1. What is the focus of the planning step?
2. What tools can you use to collect relevant data for decision making? What specific tool do you think would be most valuable to use and why?
3. What do you find most useful about that step in the planning process?
See the following reference:
Kettner, P. M., & Daley, J. M. (1988). Designing effective programs. Child welfare, 67(2), 99.
What is the focus of the planning step?
The planning step exists really to measure outcomes (and outputs). It assumes expertise and experience in treatment, and contains a basic estimate of how long the average patient will be in treatment. It also seems to imply that the outliers will also be mentioned, though there are much fewer of them. While nothing can be predicted with certainty, planning offers the view of experience when considering when a patient is "finished" with the treatment and can move on.
The basic structure of the overall organization can be summarized as a process of inputs (basic resources, staff, supplies), process, or the application of expertise to the inputs, including patients or customers themselves, outputs, or the measurement of services and completion rates, outcomes (success or failure), and finally, impact, or the broader change the organization has brought to the community.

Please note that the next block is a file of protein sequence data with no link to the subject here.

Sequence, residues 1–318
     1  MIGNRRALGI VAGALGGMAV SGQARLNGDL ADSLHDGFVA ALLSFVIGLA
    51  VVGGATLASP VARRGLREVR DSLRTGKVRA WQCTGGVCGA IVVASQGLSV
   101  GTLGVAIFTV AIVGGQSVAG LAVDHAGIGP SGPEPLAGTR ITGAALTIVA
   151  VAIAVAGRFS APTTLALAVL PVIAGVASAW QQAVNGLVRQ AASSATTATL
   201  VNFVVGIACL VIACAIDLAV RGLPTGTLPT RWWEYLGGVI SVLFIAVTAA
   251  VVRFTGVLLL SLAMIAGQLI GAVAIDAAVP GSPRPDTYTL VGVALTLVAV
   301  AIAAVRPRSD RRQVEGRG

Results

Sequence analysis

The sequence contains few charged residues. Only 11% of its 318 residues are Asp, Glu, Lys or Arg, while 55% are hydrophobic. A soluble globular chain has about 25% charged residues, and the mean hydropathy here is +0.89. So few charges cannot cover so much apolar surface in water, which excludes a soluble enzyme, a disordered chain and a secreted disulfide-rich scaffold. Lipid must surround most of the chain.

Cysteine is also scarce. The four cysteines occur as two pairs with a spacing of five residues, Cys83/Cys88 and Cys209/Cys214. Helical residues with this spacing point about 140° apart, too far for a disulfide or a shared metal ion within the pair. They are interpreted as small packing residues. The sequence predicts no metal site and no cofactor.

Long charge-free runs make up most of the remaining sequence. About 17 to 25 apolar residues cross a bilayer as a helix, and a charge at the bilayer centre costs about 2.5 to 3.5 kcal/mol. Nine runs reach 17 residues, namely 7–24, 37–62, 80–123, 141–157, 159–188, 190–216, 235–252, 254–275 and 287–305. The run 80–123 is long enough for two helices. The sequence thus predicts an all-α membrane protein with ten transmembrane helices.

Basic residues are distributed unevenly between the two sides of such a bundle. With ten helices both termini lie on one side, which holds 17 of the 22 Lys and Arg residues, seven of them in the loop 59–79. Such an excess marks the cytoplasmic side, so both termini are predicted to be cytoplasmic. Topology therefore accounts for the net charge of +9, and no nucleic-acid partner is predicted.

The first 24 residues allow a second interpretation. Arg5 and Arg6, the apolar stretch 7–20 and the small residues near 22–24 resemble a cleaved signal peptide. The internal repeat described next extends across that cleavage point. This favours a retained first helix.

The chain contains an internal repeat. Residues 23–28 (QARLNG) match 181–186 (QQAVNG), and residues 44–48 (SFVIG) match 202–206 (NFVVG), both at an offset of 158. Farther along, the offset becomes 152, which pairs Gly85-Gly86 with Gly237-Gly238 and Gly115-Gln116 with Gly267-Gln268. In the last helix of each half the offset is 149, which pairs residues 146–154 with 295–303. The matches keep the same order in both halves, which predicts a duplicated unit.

These steps differ not only as different stages of a single process, but also according to levels of analysis. Going from success with patients to a healthier community is not easy, since there is a radical jump in the nature of the variable (cf page 157). Planning deals with the outputs and outcomes stage. It provides estimates relative to the amount of resources the typical patient will receive (relative to the focus of the organization) and the extent to which this is actually applied on a day to day basis.
What tools can you use to collect relevant data for decision making? What specific tool do you think would be most valuable to use and why?
Variables here are both quantitative and qualitative. In any treatment program, the latter is more important. Expertise with little is far more valuable than incompetence with much. The only problem is that qualitative variables are difficult to define and operationalize. Qualitative variables that are important include professional competence and expertise, empathy for the patients (bed side manner is essential), communication with patients, availability of staff, and the approachability of staff. These are just a few.
Measuring these variables is problematic. Some companies specialize in evaluating ...
Planning and decision making for program designs is examined. The tools for collect relevant data for decision making tools are determined.